The Future of Amphibian Conservation: an interview with the Amphibian Survival Alliance
This week Jaime Garcia Moreno, the Executive Director of the Amphibian Survival Alliance (ASA), took the time to speak with the Biofresh blog about the plight of amphibians and the work that the ASA have been doing.
The ASA is a global partnership for amphibian conservation. Called for since 2006, the Alliance was only formed in December last year. The ASA’s major goal is to implement the global Amphibian Conservation Action Plan (ACAP) and it attempts to bring focus, coordination, and leadership to address the world’s most serious extinction crisis. In this interview, Jaime Garcia Moreno, the Director of the ASA, discusses issues including some of the challenges the ASA faces, promising developments in amphibians and what needs to be done in order to scale up conservation and prevent further declines in amphibian populations.
BioFresh Blog: The Amphibian Survival Alliance (ASA) was born less than a year ago. How would you assess the progress of the Alliance to date?
Jaime Garcia Moreno: Given the constrains in which the Alliance was born – tight resources, insufficient awareness – I would say that there is some progress, but certainly not at the pace that we would like to see. Nevertheless, the Alliance has grown from its original six founder institutions to 25 partners now, and still growing.
BB: The ASA is committed to implement the global Amphibian Conservation Action Plan (ACAP). Since its development in 2005, the implementation of the ACAP has been slow and uneven. What has the ASA done to improve the implementation of the ACAP?
JGM: The Amphibian crisis is one of the most challenging conservation problems of this century, so it is not even realistic to think that in 15 months the ASA would manage to change the game. We are setting the foundations for improved coordination of conservation actions across the board, and to extend amphibian conservation beyond the relatively tight circle of players currently involved.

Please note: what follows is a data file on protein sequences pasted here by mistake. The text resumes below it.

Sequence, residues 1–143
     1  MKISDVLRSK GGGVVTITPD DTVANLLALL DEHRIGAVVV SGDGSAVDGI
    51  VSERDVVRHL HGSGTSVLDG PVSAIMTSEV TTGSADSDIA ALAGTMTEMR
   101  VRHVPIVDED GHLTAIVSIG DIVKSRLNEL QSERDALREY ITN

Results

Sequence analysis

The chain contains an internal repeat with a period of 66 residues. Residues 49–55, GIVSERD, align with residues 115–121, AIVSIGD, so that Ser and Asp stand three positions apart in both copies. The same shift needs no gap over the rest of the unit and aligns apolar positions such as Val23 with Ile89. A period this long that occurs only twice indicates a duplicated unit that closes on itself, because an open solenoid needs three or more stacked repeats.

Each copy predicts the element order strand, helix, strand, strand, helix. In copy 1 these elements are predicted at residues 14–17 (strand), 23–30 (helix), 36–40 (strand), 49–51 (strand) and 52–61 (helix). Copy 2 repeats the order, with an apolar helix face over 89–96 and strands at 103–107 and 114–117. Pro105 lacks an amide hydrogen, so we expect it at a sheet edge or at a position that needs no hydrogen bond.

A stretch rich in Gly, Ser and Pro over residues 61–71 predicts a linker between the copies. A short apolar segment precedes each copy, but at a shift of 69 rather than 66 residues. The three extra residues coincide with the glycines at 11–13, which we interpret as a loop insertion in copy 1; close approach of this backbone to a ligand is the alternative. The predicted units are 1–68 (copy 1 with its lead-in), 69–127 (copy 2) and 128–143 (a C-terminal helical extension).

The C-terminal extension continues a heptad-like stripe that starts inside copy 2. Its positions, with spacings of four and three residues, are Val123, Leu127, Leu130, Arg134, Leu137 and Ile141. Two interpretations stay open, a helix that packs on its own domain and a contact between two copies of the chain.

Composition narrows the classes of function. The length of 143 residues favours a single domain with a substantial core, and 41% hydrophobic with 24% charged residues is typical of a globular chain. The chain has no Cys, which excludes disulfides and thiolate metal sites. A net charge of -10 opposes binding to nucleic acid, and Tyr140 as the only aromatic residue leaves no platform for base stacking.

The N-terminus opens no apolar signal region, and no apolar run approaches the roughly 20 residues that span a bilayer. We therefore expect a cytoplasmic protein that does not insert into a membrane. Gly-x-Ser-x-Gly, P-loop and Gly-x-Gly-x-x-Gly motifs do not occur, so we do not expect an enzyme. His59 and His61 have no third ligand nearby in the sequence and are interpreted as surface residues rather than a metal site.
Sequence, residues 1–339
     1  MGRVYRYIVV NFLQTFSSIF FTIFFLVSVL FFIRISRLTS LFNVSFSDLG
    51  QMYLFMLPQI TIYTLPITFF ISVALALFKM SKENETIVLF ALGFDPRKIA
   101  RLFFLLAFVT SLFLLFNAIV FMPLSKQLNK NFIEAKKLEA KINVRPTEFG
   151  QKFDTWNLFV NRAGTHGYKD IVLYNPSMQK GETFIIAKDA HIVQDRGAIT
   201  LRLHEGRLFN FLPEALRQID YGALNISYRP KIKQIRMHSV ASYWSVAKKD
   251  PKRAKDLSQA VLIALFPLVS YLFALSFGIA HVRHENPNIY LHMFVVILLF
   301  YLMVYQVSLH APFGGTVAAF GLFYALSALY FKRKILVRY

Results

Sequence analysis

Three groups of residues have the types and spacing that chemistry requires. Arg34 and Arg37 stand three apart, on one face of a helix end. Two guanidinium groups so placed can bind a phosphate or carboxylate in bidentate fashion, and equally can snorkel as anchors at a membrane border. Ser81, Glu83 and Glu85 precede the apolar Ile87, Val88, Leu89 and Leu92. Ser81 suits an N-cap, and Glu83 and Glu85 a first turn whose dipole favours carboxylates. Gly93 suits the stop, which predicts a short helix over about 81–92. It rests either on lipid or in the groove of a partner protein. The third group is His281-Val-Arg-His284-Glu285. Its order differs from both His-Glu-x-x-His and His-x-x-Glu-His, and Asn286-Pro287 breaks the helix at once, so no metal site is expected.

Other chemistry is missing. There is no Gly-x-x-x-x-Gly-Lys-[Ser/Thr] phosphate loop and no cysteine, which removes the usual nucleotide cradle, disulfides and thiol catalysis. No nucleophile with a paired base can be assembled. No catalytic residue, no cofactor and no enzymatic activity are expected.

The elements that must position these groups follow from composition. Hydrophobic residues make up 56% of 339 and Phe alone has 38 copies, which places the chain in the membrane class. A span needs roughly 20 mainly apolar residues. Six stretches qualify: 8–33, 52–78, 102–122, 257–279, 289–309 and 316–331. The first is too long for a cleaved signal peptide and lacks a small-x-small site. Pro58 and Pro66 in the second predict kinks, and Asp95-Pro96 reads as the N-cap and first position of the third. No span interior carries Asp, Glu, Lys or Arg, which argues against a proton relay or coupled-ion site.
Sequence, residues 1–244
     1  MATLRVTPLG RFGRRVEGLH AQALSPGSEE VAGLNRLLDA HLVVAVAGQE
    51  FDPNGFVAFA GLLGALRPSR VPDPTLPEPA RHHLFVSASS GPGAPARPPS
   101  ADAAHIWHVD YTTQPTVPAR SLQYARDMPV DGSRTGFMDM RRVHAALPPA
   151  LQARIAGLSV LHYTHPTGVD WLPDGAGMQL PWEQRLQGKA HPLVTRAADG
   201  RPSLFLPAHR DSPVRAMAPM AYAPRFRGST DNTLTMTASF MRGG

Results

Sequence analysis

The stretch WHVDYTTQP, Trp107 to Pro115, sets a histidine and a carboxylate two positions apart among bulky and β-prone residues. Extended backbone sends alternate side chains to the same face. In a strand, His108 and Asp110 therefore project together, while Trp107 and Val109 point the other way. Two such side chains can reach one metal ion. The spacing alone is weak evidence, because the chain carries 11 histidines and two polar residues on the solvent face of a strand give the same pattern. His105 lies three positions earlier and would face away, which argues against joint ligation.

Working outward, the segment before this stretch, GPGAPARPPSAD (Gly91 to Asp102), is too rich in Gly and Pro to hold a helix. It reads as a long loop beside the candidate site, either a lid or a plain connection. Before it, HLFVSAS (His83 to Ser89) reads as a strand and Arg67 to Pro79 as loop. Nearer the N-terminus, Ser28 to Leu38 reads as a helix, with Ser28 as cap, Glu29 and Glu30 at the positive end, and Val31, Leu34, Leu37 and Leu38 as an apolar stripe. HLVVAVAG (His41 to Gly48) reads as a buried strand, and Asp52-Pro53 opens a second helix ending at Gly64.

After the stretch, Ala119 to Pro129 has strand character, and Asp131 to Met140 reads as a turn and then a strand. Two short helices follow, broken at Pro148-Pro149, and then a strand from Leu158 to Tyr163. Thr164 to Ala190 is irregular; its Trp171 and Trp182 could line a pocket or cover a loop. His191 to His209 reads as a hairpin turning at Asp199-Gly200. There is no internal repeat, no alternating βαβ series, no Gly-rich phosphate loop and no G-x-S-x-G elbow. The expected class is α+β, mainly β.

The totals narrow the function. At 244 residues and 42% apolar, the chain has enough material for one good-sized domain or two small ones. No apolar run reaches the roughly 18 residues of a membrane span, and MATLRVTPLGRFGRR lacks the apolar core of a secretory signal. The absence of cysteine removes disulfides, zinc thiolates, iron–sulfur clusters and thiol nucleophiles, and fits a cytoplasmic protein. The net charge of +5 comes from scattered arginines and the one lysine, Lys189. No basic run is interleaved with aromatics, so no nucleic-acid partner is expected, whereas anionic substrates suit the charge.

BB:What do you think are some of the most promising developments in the fight to prevent further amphibian population declines?
JGM: We see many opportunities to mainstream amphibian conservation. Many species live in very small areas in the tropics. These small distributions make them rather vulnerable to habitat loss, but they are also excellent opportunities to save species from extinction with focused actions and relatively modest investments. The intersection between amphibian conservation and other large environmental problems (like habitat loss, climate change, water security, etc) is such, that we estimate that amphibian conservation can help advance countries towards the fulfilment of 15-16 of the Aichi targets that they committed to at the [Convention on Biological Diversity] CBD.
BB: Amphibians the world over are facing probably the world’s most serious extinction crisis. What are your thoughts on the future prospects for amphibian conservation and preventing further extinctions?
JGM: I think we need to improve awareness and “mainstream” amphibian conservation if we want to see serious progress. While experts know all the details of the amphibian crisis, many people do not even know what an amphibian is (in [last] week’s Nature Podcast salamanders are identified as reptiles!), let alone that they are fading away. We also need to interact more with colleagues from other disciplines to intersect amphibian conservation into what they are doing – river basin managers, protected area managers, trade experts, legislators, ecosystem restoration experts, etc. They will not do what is needed to keep amphibians going unless they know how their actions and decisions can affect these creatures, and that is one role for ASA.
Amphibians are affected by many threats, some of them quite difficult to deal with – like the chytrid fungus, which we will have to learn to co-exist with and manage for the time being. Nevertheless, the problems affecting the most species are not different from those affecting other creatures: deforestation, habitat loss and degradation, water management that does not consider the environment as a rightful user of it in order to function and provide vital ecosystem services. In that way, I am hopeful that by teaming up with others and pointing out that amphibians ought to be taken seriously, that they can be an indicator of overall ecosystem health, we will manage to contain this crisis and continue to enjoy the sights and sounds of frogs and salamanders.